Utah’s give Reyes good approval ratings, but he still struggles with name ID

Republican Utah Attorney General Sean Reyes is doing OK in his approval ratings, a new UtahPolicy.com poll shows.

But if he’s planning on running for governor in two years, he needs to become better known statewide, a new survey by Dan Jones & Associates finds.

Jones’ numbers show:

  • 56 percent of Utahns “somewhat” or “strongly” approve of the job Reyes is doing as attorney general.
  • 16 percent disapprove of him.
  • And a substantial 28 percent don’t have an opinion.

That’s a rather high “don’t know,” considering that Reyes has been AG since late 2013.He was appointed by the Utah Republican Party when former AG John Swallow resigned in late November 2013, less than one year in office.


Swallow had beaten Reyes in the 2012 GOP primary, and part of the complaints against Swallow was some of his improper campaigning that year.

So, Reyes has been on statewide ballots in 2014 (to fill out Swallow’s term) and 2016 – and has won the office handily each time.

But running for governor, and winning the GOP nomination, is a different animal – more expensive, higher profile.

Jones finds that 22 percent of men – or about a fifth – don’t have an opinion of Reyes, and so don’t know much about him.

But 35 percent of women – or more than a third – don’t have an opinion of him.

That despite one of Reyes’ main job efforts has been fighting the sex trafficking of women and girls inside and outside the state.

Most likely, the next GOP gubernatorial nominee in 2020 will be on the conservative side of the Utah Republican Party – or at least try to sell himself or herself to party loyalists as such.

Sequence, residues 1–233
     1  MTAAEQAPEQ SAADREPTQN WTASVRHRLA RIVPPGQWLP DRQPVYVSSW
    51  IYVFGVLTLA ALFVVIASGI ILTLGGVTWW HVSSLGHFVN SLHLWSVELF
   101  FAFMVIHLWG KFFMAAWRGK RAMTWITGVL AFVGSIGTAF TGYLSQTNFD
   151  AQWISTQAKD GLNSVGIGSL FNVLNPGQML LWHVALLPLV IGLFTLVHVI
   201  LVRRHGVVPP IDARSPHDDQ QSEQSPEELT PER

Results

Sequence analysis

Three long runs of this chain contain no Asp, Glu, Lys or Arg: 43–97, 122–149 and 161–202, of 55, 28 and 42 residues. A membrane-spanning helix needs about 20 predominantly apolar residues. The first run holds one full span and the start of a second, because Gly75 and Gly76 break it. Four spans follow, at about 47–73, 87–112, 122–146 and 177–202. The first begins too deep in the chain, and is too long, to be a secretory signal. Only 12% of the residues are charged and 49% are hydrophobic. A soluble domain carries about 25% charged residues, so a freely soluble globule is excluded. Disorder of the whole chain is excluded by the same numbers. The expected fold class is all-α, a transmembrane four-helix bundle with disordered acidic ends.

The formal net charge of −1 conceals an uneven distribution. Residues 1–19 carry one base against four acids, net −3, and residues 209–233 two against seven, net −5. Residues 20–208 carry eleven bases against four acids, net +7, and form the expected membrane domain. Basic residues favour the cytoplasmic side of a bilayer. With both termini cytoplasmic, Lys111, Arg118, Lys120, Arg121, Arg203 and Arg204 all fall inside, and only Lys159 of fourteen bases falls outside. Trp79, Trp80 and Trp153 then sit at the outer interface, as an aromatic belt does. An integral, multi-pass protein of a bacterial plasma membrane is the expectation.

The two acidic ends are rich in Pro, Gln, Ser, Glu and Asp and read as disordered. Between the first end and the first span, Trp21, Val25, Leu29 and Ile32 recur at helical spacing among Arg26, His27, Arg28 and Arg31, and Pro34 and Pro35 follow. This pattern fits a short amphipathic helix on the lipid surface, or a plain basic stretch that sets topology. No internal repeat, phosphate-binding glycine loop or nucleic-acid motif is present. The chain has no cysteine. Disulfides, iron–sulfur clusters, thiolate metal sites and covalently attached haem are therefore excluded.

Among Republicans, Reyes has a 67-5 percent approval rating – certainly good.

But, again, 29 percent of Utah Republicans don’t have an opinion of him – which means they don’t know him.

Democrats disapprove of Reyes, 44-29 percent, with 26 percent having no opinion of him.

Political independents – and he will need some of their votes if he wants to win the governorship – give him a 54-17 percent approval rating, with 28 percent not knowing who he is.

Among those who told Jones they are “very conservative” politically, Reyes’ approval rating is 69-4 percent, with 26 percent not knowing who he is.

Among those who are “somewhat conservative,” Reyes’ approval rating is 66-6 percent, with 27 percent not having an opinion of him.

Reyes’ office, in defending the SB54 law allowing a dual-path to candidates to get on the party primary ballot, has been very successful – winning two federal court decisions, a Utah Supreme Court decision and a party appeal to the 10th Circuit Court of Appeals.

Now, that is just Reyes doing his job – defending the state in a lawsuit.

But some hardliner conservatives – especially some GOP 2020 state delegates – may hold Reyes accountable for beating their party in court so many times.

We’ll see.

If Reyes forgoes the 2020 gubernatorial race, and instead seeks election for a third time to the AG’s post, it is difficult to see from here that he could be beaten – since he won in 2014 and 2016 so easily.

Jones polled 609 adults from Feb. 9-16. The poll has a margin of error of plus or minus 4 percent.